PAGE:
At the mayor’s directive, Spencer helped craft the language of the second RFQ. He was proud that the new scoring criteria were weighted not by how many similar institutional projects a firm had worked on, but by their “proven capability to combine artistry with economy.”
For the selection committee, Spencer contacted his architect friend Tony Pleskow, whom he knew from their days at Tulane’s School of Architecture. Pleskow does a lot of work for the City of Los Angeles and is chair of the Culver City Planning Commission. When I reached him by phone, Pleskow said he was happy to serve on the committee as a favor to Spencer (though he “almost cried” when he saw the huge number of proposals).
Pleskow in turn recommended Patricia Oliver as another member of the committee. Before leading the University of Houston’s College of Architecture, Oliver was a senior vice president at the Art Center College of Design in Pasadena. She has worked with many notable architects, including Frank Gehry, and served in several leadership positions with the American Institute of Architects. Both men were thrilled to have someone of her professional stature involved.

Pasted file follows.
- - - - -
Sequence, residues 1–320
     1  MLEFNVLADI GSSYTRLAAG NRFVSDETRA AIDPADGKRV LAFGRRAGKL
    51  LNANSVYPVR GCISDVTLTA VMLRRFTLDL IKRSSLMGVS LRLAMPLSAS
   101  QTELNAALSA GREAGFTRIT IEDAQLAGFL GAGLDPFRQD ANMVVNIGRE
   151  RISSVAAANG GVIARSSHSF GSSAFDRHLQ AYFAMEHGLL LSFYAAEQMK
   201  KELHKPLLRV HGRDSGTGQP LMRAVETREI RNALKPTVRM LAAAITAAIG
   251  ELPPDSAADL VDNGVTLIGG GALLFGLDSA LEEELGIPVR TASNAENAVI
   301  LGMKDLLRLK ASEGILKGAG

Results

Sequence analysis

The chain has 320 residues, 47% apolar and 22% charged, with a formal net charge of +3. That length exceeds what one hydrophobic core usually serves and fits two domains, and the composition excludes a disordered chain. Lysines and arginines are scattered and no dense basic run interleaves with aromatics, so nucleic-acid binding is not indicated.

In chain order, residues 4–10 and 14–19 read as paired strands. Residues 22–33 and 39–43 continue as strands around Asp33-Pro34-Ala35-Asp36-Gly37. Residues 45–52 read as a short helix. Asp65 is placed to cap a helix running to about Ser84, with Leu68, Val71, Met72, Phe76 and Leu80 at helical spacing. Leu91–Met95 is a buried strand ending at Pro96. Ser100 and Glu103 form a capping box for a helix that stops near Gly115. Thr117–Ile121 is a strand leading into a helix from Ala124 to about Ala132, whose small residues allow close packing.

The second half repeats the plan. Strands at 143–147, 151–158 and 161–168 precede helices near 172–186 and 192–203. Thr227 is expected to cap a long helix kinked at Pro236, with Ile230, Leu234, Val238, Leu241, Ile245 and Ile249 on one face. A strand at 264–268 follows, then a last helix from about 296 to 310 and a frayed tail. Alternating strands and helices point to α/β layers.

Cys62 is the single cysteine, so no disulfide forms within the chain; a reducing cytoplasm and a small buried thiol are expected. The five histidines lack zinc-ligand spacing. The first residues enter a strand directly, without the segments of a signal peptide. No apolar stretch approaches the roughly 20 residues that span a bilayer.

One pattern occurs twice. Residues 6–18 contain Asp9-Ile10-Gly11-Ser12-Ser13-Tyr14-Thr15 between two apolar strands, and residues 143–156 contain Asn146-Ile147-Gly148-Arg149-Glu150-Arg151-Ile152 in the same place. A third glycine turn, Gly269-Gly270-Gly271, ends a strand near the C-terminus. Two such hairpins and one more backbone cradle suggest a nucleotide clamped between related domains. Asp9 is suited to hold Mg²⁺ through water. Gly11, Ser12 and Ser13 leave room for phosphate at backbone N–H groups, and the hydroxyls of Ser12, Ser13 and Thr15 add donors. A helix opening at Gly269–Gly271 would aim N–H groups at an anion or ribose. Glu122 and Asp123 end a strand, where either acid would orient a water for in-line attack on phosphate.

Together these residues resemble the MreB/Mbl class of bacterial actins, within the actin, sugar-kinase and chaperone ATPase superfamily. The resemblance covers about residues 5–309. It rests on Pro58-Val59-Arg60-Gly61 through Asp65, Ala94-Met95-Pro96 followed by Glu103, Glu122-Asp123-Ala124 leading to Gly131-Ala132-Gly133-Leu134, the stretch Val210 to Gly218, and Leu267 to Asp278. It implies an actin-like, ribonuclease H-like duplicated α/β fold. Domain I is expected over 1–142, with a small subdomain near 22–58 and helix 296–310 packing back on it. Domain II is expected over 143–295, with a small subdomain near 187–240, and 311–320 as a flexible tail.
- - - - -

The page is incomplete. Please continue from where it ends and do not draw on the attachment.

“The goal is to get the best possible projects built for your community,” Pleskow said. “If you can bring people from within the field to evaluate submissions, the citizens will get a better product for their tax dollars.”
Dr. Karl Weingarten, who used to practice medicine in Pensacola several years ago, was another recommendation from Spencer. Though not an architect, Spencer described Weingarten as being very familiar with architectural design.
“If you looked at his personal library, it will be nothing but architecture books,” Spencer said. “There are a lot of people who are not chefs who will have 500 cookbooks, and in their spare time they’re researching and following cooking techniques. So you don’t have to be an architect to appreciate and understand good design.”
But here’s where it gets complicated. All three of the out-of-town selection committee members — each of them directly or indirectly recommended by Spencer — gave top ranking to DAG Architects, the Destin-based firm of former state senator Charlie Clary. And DAG’s Pensacola office shares a suite in the Thiesen Building with Spencer’s firm SMP. (The above photo shows the door to their offices.)